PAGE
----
The Problems of E-Waste and the Implications on Health and the Environment

The Problems of E-Waste and the Implications on Health and the Environment - Lovefone, London

What happens to your old phone once you've picked up a newer, flashier model? Do you give it to a mate who dropped theirs in the bath last week? Do you leave it to clutter up your drawers for the next five years? Do you toss it in the trash? Or do you recycle it responsibly?

While some of us are responsible about how we dispose of our technology, many more of us are not – especially on a global scale. It's one of the biggest e-waste problems out there.

Packed with valuable, reusable ingredients such as copper, gold, silver and palladium, technology such as laptops, tablets, TVs and smartphones are very worthwhile recyclables, so responsible recycling makes economic sense. But one of the problems of e-waste is that it's made up of devices which are difficult to process, featuring heavy metals and toxic materials which must be handled properly.

With global e-waste predicted to hit 65.4 million tonnes this year (2017), it's time we all took action on e-waste problems and begin disposing of our electronic waste carefully. Here's why...

Wasted energy

It takes a lot of energy to make electronics and to source the materials which go into them. In fact, recycling 1 million laptops would be enough to offset the energy used by 3,657 US homes annually. This wasted energy is one of the major problems of e-waste when it isn't handled properly.

E-waste problems

Wasted resources

It also takes a lot of work to mine and manufacture materials for electronics. Metals, plastics, glass – creating all of these materials has a significant impact on our planet, but Americans currently toss $60 million worth of gold and silver when they throw away their phones every year.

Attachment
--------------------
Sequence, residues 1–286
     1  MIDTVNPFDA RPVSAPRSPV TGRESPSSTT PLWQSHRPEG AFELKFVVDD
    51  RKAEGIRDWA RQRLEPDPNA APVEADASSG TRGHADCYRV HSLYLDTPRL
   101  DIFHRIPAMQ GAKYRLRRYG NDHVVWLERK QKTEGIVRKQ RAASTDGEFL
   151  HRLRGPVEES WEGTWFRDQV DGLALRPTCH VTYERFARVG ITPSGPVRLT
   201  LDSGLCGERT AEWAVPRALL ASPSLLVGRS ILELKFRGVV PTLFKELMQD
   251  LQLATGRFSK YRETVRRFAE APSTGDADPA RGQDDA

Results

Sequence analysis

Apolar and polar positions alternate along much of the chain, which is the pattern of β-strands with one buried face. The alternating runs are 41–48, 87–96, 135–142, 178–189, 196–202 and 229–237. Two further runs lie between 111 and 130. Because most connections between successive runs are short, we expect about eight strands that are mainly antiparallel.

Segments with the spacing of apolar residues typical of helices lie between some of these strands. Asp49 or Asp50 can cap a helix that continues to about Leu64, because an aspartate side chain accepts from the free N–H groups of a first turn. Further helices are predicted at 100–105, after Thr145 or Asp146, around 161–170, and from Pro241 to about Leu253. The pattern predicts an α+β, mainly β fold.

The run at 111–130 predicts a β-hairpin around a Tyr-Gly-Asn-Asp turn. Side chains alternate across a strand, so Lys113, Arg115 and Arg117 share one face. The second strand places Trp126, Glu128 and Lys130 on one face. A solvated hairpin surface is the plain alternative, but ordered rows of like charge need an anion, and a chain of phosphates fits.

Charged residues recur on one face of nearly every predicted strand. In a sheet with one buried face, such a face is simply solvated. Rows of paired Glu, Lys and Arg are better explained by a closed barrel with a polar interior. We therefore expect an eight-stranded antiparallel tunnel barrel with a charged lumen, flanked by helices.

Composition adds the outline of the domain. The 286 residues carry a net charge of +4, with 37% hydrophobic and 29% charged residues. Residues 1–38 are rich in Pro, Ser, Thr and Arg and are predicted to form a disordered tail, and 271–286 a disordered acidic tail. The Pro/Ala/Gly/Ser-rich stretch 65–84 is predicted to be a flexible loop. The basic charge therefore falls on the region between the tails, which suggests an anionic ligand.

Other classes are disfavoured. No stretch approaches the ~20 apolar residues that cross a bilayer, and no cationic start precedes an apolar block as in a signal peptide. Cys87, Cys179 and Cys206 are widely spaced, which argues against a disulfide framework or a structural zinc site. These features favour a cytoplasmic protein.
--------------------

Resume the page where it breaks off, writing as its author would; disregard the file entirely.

By recycling and reusing these materials responsibly we can reduce the need for mining and manufacturing – cutting greenhouse gas emissions, reducing air and water pollution and preserving natural resources too.

Harming people

The people who mine for materials, manufacture parts and assemble our high-tech devices frequently work on the far side of the world, which means it’s only too easy for us to overlook to sometimes dangerous or unfair conditions they labour in for very little money.

Other workers are now suffering on the other side of the coin as nations begin to ship their irresponsibly recycled electronic waste to poorer nations where people dismantle technology unsafely, coming into contact with nasty chemicals from cathode ray tubes, plasma technology and LCD technology.

Exporting waste is frequently undertaken illegally, even by the UK. As far back as 2003, Britain shipped 23,000 metric tonnes of undeclared electronic waste to the Far East, India, Africa and China.

Time to recycle responsibly

Recycling our e-waste responsibly is essential if we want to protect people and protect our planet. Setting up quality recycling facilities and creating jobs in these plants is one route which will ensure materials are saved for reuse, while recyclers are safe from harmful ingredients. For more information about e-waste problems and to find out how you can help, check out these resources:

Why toss it when you can fix it? Save yourself money and save the planet too. Lovefone can sort out your smartphone in no time.

March 16, 2017